Peter Doshi, an anthropologist – not a medical professional – at Johns Hopkins argues that the flu vaccine is less than 100% effective and doesn’t work for everyone. This is true, however scientific medial studies prove that the flu vaccination reduces a child’s risk of ending up in the hospital by 74%.
There are nurses who feel that the flu vaccine causes autism in children. However, studies prove that a flu vaccination doesn’t cause the flu, and it doesn’t cause autism in children. Your arm is not injured when you get a flu shot, and a headache and achy feelings are your body’s immune system reacting to a foreign substance.
Several misconceptions exist in the medical community and might cause nurses to refuse the vaccine. These include:
- Some nurses might believe they have robust immune systems because they work around sick people all the time. These myths can be debunked by current scientific research.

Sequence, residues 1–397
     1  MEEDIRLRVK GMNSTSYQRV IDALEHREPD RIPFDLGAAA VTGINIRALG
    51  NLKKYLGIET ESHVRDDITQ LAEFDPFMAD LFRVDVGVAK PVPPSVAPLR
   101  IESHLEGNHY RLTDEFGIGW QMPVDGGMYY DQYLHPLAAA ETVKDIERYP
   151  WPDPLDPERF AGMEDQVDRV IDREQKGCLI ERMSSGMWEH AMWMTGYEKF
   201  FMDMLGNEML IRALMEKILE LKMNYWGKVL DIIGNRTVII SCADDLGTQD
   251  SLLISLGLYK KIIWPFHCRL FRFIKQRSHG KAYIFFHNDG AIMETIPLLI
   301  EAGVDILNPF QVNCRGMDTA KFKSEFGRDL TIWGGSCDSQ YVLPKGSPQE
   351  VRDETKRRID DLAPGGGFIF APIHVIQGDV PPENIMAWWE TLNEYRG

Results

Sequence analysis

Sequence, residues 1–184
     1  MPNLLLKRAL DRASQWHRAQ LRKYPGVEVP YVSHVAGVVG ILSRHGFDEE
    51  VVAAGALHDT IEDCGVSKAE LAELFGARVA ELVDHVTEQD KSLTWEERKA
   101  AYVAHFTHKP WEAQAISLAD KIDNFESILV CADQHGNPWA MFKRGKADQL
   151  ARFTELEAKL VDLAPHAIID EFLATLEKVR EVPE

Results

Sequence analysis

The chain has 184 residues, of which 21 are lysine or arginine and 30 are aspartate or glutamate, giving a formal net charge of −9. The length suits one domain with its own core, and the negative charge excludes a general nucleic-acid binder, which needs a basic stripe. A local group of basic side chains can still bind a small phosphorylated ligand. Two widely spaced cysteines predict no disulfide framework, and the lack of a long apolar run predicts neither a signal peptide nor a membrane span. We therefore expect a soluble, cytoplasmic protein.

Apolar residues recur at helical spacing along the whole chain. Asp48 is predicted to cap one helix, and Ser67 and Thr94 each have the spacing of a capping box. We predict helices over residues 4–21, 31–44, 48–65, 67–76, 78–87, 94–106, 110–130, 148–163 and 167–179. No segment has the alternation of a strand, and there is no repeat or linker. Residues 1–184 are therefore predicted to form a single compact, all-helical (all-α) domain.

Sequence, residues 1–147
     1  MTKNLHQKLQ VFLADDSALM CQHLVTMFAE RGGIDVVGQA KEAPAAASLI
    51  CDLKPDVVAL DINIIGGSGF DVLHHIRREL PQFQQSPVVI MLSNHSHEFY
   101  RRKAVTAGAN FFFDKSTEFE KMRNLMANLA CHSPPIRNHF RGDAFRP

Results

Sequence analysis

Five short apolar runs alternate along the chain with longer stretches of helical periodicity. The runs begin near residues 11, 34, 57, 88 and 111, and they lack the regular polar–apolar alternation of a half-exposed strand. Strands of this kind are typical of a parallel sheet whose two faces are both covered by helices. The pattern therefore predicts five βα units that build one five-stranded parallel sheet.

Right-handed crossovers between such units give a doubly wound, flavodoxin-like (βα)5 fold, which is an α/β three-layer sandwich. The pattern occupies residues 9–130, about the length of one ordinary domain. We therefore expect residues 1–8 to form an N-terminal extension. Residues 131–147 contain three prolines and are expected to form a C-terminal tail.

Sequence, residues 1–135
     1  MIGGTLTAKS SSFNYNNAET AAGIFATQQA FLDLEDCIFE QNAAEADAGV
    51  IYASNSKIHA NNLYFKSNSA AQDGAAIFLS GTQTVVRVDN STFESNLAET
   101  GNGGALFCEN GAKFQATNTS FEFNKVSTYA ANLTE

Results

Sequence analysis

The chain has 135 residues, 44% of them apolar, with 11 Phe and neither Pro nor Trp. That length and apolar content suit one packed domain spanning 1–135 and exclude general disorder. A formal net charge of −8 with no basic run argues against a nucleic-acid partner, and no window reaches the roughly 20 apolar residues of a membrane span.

- The most common myth is flu vaccines cause the flu. Dr. William Schaffner, an infectious disease specialist and a professor of preventive medicine at Vanderbilt University in Nashville, reports that it's biologically impossible for you to catch the flu from a vaccination. The reason? The vaccine comes from a killed virus. Also, there are only a few proteins from that dead virus in the vaccine itself. No one is getting injected with a whole virus.
- The flu shot is painful. Only 20 percent of those who get the flu shot have soreness in the arm that received the shot. Sore arms usually last a day then go away. Some people who get a flu shot get a headache after the vaccination. These are just the body’ immune response to the vaccine; you do not have the flu.